Luther’s reformation: The stand

At the heart of this Protestant faith were, and are, three beliefs resting on the Latin word for “alone”: sola fide(that people are saved by faith in Jesus alone, not by anything they do); sola gratia (that this faith is given by grace alone, and cannot be earned); and sola scriptura (that it is based on the authority of the Bible alone, and not on tradition or the church). In a way that complemented the broader themes of the Renaissance, Luther wanted Christianity to go back to the “pristine Gospel”: the teachings of Jesus and the apostles. This return offered a new sort of freedom, one centred on the individual, which helped pave the way for modernity. “The separation of powers, toleration, freedom of conscience, they are all Protestant ideas,”

.. Nigeria has more than twice as many Protestants as Germany. More than 80m Chinese have embraced the faith in the past 40 years.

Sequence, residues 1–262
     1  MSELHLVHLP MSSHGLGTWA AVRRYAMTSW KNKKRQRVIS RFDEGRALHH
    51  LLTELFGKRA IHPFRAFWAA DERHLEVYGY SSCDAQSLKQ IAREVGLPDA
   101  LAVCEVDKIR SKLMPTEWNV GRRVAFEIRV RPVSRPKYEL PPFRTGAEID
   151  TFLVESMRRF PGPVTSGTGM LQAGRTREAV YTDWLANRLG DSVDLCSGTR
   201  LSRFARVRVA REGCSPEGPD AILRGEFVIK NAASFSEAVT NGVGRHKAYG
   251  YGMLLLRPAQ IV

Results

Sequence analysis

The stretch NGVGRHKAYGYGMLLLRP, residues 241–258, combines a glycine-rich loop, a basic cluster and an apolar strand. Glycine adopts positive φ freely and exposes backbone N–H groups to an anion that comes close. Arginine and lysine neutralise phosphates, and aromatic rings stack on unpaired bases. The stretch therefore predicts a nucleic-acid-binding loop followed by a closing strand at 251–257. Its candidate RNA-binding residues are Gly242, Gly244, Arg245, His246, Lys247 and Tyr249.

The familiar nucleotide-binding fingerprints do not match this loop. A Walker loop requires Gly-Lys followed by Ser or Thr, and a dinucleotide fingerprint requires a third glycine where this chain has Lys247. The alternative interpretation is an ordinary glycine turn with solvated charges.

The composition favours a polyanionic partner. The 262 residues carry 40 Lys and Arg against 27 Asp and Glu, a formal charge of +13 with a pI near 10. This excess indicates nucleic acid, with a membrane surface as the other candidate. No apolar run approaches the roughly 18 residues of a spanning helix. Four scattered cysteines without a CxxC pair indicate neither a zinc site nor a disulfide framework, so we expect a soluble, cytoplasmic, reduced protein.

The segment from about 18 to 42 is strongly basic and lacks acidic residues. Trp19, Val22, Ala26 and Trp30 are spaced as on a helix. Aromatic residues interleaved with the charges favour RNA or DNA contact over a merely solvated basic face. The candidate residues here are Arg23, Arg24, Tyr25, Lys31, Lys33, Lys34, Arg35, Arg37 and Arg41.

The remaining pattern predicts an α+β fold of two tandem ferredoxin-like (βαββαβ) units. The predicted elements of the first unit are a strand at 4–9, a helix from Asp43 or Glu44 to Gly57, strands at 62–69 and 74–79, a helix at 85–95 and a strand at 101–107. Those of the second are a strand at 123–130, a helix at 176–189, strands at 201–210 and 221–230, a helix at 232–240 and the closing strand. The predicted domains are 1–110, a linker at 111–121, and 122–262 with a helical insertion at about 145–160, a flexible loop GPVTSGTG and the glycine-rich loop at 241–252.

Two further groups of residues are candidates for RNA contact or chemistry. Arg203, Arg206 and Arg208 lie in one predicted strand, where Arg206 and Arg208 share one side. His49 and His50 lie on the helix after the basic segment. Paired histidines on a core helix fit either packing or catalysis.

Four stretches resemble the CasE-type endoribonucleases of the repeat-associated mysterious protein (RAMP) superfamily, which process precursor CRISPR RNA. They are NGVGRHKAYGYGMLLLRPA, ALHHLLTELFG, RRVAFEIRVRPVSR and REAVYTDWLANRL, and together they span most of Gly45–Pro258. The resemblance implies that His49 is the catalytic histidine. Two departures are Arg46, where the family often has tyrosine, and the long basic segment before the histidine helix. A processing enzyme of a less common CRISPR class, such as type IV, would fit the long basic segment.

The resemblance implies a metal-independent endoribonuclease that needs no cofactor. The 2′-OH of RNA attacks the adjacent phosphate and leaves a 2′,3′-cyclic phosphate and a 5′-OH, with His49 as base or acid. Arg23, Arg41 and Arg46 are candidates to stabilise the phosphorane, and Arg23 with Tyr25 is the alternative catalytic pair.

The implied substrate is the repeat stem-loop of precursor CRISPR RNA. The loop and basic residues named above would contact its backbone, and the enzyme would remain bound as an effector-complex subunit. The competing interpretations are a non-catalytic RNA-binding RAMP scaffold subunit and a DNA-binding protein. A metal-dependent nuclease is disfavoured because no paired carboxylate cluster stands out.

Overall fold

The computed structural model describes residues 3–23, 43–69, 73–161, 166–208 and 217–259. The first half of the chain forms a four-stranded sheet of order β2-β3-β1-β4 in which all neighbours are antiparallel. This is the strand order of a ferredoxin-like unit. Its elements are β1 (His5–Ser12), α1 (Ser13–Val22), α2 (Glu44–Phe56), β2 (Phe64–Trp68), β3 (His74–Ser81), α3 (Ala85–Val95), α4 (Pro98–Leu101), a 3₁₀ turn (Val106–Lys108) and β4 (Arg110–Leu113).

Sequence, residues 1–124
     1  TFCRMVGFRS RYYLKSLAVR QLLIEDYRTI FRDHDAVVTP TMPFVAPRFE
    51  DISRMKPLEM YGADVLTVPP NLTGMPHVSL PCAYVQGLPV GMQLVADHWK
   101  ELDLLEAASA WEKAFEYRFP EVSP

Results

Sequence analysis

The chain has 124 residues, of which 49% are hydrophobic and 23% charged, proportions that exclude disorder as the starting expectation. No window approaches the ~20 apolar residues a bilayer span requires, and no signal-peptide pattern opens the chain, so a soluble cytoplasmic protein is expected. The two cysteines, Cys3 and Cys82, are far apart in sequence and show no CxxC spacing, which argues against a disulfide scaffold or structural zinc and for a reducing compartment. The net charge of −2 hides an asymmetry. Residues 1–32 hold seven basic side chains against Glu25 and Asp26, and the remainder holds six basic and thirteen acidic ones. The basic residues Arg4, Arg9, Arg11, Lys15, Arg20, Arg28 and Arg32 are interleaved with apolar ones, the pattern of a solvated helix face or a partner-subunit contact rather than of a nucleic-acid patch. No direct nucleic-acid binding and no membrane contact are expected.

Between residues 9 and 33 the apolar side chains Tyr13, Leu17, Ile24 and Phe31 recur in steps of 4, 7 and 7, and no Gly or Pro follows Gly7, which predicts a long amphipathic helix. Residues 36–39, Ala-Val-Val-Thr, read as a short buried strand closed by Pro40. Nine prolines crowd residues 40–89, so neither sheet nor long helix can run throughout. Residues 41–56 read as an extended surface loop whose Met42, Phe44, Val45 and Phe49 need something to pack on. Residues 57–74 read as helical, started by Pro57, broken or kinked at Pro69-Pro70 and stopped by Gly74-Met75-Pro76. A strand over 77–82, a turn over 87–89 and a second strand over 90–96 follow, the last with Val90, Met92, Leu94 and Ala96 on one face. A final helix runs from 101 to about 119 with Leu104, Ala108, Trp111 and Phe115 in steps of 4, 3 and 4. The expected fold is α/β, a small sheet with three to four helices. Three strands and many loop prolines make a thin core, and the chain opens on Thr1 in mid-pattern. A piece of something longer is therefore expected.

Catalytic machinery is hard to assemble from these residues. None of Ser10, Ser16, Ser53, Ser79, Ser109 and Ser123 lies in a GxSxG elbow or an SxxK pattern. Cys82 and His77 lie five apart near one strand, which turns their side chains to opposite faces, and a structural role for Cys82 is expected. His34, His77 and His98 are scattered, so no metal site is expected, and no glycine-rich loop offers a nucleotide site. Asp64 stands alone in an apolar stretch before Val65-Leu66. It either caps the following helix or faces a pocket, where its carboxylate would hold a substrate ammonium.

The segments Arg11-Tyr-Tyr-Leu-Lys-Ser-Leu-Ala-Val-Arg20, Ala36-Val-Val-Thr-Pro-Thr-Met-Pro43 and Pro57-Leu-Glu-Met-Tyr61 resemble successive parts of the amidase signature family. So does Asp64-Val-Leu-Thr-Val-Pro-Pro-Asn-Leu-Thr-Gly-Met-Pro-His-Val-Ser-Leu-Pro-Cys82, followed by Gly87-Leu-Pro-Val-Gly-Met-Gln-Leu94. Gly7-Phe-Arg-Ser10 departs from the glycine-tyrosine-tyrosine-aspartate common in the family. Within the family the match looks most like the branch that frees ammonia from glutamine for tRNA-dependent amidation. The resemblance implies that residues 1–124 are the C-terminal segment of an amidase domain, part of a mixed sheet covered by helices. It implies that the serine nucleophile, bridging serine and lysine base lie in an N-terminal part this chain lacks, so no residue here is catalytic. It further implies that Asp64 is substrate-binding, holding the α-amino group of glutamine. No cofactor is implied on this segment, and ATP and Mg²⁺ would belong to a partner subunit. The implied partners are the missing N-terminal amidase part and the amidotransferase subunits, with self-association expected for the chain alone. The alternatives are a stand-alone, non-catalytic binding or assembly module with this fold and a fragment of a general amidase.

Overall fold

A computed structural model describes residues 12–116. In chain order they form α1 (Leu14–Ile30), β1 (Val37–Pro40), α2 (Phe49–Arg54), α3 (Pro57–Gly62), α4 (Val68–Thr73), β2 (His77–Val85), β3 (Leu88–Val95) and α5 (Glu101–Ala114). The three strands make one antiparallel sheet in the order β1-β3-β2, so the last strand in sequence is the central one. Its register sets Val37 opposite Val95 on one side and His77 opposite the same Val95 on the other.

.. There are many ways to be a Protestant, from the quietist to the ecstatic. The fastest-growing varieties tend to be the evangelical ones, which emphasise the need for spiritual rebirth and Biblical authority.

.. K.M. Panikkar, an Indian journalist, spoke for many when he predicted in the 1950s that Christianity would struggle in a post-colonial world. What might survive, he suggested, in both Protestant and Catholic forms, would be a more modern, liberal form of the faith.

.. To some extent, this growth of Pentecostalism among the global poor marks a loss of faith in political and secular creeds.

.. Their emphasis on personal experience makes Pentecostalism and similar beliefs culturally malleable; their simplicity and ability to dispense with clergy gives them a nimbleness that suits people on the move. They tend to erode distinctions of faith based on ethnicity or birthplace. To Berger, that made this sort of Protestantism a modernising force.

.. Churches provide migrants in their congregations with employment, support and the possibility of advancement.

.. “In Guatemala the Pentecostal church is just about the only functioning organisation of civil society,”